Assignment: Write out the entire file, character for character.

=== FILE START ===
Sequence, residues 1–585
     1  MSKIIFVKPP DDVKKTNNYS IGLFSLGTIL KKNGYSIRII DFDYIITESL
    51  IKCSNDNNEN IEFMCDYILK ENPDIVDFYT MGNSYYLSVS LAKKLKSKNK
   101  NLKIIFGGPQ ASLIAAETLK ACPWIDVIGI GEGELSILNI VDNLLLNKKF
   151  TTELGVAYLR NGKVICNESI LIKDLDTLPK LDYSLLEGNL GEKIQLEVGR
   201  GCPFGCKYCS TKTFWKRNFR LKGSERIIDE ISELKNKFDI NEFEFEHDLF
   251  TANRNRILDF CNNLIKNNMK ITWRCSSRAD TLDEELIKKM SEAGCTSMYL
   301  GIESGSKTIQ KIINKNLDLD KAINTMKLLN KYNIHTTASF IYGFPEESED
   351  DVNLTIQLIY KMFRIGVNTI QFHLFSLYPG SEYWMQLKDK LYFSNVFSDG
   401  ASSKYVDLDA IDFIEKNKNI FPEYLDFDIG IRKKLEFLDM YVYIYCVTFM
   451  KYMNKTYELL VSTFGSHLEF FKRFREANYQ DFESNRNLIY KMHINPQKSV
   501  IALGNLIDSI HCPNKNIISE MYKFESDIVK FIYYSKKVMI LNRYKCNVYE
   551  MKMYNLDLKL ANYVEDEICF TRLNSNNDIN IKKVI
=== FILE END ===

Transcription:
Sequence, residues 1–585
     1  MSKIIFVKPP DDVKKTNNYS IGLFSLGTIL KKNGYSIRII DFDYIITESL
    51  IKCSNDNNEN IEFMCDYILK ENPDIVDFYT MGNSYYLSVS LAKKLKSKNK
   101  NLKIIFGGPQ ASLIAAETLK ACPWIDVIGI GEGELSILNI VDNLLLNKKF
   151  TTELGVAYLR NGKVICNESI LIKDLDTLPK LDYSLLEGNL GEKIQLEVGR
   201  GCPFGCKYCS TKTFWKRNFR LKGSERIIDE ISELKNKFDI NEFEFEHDLF
   251  TANRNRILDF CNNLIKNNMK ITWRCSSRAD TLDEELIKKM SEAGCTSMYL
   301  GIESGSKTIQ KIINKNLDLD KAINTMKLLN KYNIHTTASF IYGFPEESED
   351  DVNLTIQLIY KMFRIGVNTI QFHLFSLYPG SEYWMQLKDK LYFSNVFSDG
   401  ASSKYVDLDA IDFIEKNKNI FPEYLDFDIG IRKKLEFLDM YVYIYCVTFM
   451  KYMNKTYELL VSTFGSHLEF FKRFREANYQ DFESNRNLIY KMHINPQKSV
   501  IALGNLIDSI HCPNKNIISE MYKFESDIVK FIYYSKKVMI LNRYKCNVYE
   551  MKMYNLDLKL ANYVEDEICF TRLNSNNDIN IKKVI